It’s almost Valentine’s Day, and you want to profess your love. But think twice about doing so with an intimate photo, and have a plan to defend your data. Join Information Technology Services 9 a.m.-noon, Monday, Feb. 11 in the Mountainlair for free coffee and Spy Cat’s cybersecurity tips on protecting your nine digital lives.
This “Cats, Coffee and Cybersecurity” event will focus on safe sexting and how to fight back if you become the target of revenge porn. Don’t have time to stop by? Follow @StaySafeOnline and the #UpdateMeow campaign, as well as @WVUITServices.
Spy Cat suggests:
implied instead of explicit nudes. Avoid showing your face, apartment or easily
identifiable birthmarks, tattoos or body piercings.
- Use an
encrypted messaging app such as Signal, Telegram or Viber. Avoid sharing
private information via Facebook Messenger, Skype, Instagram, Snapchat or WhatsApp.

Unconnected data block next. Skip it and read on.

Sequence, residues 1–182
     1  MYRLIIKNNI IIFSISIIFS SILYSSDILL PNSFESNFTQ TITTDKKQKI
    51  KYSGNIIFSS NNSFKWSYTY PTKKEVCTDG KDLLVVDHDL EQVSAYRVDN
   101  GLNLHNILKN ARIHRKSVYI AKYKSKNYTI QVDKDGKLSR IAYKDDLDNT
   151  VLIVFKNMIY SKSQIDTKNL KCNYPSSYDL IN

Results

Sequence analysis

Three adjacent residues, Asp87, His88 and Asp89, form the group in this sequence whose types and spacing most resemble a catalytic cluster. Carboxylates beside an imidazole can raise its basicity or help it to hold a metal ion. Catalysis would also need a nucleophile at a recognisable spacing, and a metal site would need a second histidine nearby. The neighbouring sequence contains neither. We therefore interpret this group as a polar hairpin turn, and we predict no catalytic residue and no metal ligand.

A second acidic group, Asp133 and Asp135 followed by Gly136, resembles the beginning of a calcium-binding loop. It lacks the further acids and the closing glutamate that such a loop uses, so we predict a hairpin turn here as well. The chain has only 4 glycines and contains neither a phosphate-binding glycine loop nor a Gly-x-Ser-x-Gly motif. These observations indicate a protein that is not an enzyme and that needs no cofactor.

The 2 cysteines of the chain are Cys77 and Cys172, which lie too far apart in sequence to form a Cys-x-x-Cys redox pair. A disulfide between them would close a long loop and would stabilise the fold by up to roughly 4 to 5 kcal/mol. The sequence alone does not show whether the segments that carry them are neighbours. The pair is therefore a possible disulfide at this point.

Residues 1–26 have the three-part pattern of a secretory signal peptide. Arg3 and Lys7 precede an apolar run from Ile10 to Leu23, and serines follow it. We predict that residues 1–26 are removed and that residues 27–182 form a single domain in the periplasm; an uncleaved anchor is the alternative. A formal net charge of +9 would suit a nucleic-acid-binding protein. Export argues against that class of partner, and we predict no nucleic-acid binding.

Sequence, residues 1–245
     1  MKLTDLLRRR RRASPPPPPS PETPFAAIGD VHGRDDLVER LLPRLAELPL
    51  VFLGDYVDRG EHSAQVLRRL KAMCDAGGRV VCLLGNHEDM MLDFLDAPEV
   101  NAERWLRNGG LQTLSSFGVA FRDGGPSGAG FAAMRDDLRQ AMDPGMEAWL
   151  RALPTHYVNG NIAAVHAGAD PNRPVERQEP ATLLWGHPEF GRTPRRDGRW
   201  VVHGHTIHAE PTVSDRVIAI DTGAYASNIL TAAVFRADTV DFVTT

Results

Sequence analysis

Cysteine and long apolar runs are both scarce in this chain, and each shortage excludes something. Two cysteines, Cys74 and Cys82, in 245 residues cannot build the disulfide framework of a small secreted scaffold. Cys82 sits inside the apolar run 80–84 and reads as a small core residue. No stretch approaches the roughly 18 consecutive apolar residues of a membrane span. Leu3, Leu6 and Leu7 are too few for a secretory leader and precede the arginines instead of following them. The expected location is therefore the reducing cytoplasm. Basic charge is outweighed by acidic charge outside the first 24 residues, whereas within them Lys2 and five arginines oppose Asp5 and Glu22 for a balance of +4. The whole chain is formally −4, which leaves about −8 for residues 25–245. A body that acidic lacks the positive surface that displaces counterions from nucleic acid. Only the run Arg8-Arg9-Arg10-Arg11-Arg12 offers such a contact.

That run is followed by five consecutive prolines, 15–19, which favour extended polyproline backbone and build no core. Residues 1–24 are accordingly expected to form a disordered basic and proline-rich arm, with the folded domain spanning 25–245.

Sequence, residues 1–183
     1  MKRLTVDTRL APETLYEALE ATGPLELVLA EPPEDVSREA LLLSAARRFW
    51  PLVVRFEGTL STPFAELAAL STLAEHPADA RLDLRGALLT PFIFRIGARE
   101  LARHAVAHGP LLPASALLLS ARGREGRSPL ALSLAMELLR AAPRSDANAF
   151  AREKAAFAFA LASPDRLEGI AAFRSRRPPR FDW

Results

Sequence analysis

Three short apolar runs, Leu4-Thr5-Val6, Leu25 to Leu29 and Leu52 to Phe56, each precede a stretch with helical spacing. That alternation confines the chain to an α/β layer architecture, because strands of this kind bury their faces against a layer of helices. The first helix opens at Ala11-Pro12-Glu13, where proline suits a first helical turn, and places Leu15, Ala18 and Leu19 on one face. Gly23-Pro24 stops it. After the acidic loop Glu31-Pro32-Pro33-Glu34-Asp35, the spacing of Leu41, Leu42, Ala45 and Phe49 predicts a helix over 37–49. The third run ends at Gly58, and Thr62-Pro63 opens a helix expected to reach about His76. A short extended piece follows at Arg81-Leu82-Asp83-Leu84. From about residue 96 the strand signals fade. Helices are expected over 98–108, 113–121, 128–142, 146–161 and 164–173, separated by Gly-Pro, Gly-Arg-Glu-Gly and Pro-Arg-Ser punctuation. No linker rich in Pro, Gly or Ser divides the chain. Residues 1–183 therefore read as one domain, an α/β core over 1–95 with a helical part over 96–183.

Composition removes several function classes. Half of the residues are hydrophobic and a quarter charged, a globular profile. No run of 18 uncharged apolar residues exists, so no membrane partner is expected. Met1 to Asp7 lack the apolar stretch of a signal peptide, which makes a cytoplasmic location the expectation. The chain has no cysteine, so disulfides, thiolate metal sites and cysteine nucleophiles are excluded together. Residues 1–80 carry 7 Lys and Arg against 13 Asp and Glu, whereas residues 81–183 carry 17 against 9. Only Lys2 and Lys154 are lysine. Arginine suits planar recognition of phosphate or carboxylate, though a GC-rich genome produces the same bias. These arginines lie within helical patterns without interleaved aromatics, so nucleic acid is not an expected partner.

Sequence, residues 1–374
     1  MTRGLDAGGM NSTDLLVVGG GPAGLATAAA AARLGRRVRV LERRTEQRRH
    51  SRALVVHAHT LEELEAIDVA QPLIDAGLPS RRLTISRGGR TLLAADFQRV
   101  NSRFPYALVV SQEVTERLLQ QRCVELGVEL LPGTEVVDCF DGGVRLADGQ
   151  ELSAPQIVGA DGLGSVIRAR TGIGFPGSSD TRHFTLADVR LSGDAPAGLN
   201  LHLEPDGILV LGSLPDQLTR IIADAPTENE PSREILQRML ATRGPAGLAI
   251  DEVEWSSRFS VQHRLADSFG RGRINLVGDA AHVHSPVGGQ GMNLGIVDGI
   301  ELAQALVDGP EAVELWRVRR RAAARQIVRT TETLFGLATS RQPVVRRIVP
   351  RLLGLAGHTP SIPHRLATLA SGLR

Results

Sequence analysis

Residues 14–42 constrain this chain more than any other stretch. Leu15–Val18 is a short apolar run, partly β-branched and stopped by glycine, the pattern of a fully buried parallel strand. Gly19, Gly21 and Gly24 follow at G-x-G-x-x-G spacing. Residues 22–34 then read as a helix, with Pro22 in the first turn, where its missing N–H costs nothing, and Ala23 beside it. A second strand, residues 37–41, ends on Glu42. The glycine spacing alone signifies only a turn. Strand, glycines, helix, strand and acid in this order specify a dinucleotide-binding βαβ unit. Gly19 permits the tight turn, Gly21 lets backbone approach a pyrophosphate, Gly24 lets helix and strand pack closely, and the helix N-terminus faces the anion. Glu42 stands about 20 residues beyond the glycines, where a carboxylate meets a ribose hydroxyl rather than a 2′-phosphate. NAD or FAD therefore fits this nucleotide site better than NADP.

- Use an
EXIF remover app to delete metadata from your photos. Image properties can
store the device name, location, date and time a photo was taken, effectively
- Use a
single, secure device to send messages. If your iPhone is connected to your
iPad through iMessage, the iPad sitting on your coffee table will also display what
your phone receives.
the photo. If you must save a photo, save it onto an encrypted,
password-protected USB device that you keep in a secure place.
Remember, even if you voluntarily share private images with someone, it’s illegal for the recipient to share them without your written consent. Breakups can be bad, so fight back if you become a victim of revenge porn.
- The Cyber
Civil Rights Initiative Online Removal Guide has instructions for reporting
and requesting removal of explicit photographs of you online.
Legal Services for help with issues that may require legal
of Student Conduct to report incidents involving another WVU
Center if you experience psychological distress. Free and confidential
drop-in appointments are available weekdays from 8:15 a.m.-3 p.m.